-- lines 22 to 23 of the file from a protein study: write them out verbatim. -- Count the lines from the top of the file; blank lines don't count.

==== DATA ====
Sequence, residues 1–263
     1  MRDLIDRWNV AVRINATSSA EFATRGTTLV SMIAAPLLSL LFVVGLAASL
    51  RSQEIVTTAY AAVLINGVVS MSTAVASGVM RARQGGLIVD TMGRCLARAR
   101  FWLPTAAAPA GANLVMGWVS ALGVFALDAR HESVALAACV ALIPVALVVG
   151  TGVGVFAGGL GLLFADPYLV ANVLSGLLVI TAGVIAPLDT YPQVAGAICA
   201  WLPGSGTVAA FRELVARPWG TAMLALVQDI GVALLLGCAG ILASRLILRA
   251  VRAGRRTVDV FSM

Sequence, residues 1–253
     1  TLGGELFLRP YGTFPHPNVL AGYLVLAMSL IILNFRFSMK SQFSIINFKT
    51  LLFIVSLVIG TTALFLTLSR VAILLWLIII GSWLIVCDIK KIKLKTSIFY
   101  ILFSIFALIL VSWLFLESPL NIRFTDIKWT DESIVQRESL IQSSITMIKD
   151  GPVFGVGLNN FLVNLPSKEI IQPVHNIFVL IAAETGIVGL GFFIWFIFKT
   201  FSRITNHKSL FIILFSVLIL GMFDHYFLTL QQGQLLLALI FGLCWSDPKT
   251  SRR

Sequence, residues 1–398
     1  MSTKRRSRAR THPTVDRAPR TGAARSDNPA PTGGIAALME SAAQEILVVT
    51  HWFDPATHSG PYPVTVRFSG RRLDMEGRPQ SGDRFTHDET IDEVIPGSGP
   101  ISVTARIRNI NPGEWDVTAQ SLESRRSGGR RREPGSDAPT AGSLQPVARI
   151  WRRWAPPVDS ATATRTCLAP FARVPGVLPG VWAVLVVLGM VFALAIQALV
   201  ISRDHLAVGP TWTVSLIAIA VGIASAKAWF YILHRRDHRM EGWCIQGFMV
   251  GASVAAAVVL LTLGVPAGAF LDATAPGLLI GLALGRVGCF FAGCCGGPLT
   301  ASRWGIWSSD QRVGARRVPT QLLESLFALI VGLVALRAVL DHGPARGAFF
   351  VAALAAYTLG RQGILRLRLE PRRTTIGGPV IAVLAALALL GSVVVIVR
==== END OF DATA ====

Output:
   301  ASRWGIWSSD QRVGARRVPT QLLESLFALI VGLVALRAVL DHGPARGAFF
   351  VAALAAYTLG RQGILRLRLE PRRTTIGGPV IAVLAALALL GSVVVIVR